News strike subdued

  • BRYAN CORLISS / Herald Writer
  • Tuesday, November 21, 2000 9:00pm
  • Local News

By BRYAN CORLISS

Herald Writer

SEATTLE — Dozens of reporters, standing around talking and drinking coffee. If it weren’t for the picket signs in their hands, you’d think it was simply intermission at a journalism convention.

Tuesday, the first day of the Pacific Northwest Newspaper Guild strike in a half-century, seemed mostly quiet.

The Seattle Times and Seattle Post-Intelligencer reporters, editors and circulation and advertising employees walking outside the newspapers’ main offices in downtown Seattle reported feeling tired after a late-night union meeting, and more than a little surprised to being making news rather than reporting it.

"It’s a whole lot different because now it’s me with the sign in my hand," said Dave Tishendorf, a P-I copy editor. "It’s kind of surreal."

Picket lines were in place at the Times’ North Creek production facility in Bothell, one of the two places where the paper is printed. No pickets were seen anywhere else in Snohomish County. The Times’ news, advertising and circulation office in Lynnwood was empty.

The mood at strike headquarters and on the picket lines around The Times was "solemn," said Eli Sanders, a reporter who was a picket line captain. "People are talking about how they feel. Parts of yesterday felt like a funeral."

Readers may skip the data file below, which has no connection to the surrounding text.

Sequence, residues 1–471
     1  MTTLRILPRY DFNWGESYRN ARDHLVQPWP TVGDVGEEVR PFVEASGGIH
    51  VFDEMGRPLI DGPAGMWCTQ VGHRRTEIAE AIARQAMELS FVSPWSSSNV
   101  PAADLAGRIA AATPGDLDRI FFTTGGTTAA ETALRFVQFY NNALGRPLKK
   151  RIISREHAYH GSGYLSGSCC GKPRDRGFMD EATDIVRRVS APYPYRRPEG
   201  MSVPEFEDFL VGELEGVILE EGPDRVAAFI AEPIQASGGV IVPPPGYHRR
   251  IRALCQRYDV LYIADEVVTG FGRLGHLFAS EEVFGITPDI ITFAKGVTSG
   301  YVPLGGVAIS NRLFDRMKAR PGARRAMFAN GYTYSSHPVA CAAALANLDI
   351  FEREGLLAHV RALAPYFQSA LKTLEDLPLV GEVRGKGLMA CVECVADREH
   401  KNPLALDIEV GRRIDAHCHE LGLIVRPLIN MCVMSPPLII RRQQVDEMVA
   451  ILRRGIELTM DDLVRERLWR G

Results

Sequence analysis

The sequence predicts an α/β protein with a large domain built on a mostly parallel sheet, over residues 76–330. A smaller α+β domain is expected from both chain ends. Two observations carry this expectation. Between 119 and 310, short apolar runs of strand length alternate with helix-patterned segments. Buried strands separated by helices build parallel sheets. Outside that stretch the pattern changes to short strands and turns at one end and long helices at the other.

Members of Teamsters Local 174, the drivers who deliver papers to distribution centers, joined Guild members picketing The Times.

"We back them up 100 percent," said driver Renee Blackwood of Mountlake Terrace. "These people make the newspapers what they are. It’s time the Times and P-I pay attention to these people."

She seemed almost as insulted by management’s final offer to the Guild — raises of $3.30 an hour over six years — as Guild negotiators.

"For Pulitzer Prize winners, it’s a little sad," she said.

The mood at the Post-Intelligencer was lighter. Strikers put fresh batteries into their portable stereos and munched on pizza brought over by a neighboring business. Some thought up marching songs calling for better wages — which the others sang as they marched down the sidewalk.

Unlike at The Times, where guards patrolled newly installed steel fences dressed in military police-style uniforms, security at the P-I was friendly and talkative.

"It’s reflective of our general relationship with the people inside," said Tiffany Smith, a page designer.

All said that if they had to picket, the sunny Tuesday afternoon was a nice time to do it. Flossie Pennington, a Times advertising sales representative, waved enthusiastically at passing drivers who honked at her in support.

"We’ve got to wave now while we’ve got energy," she said. "Next week, we’ll be freezing."

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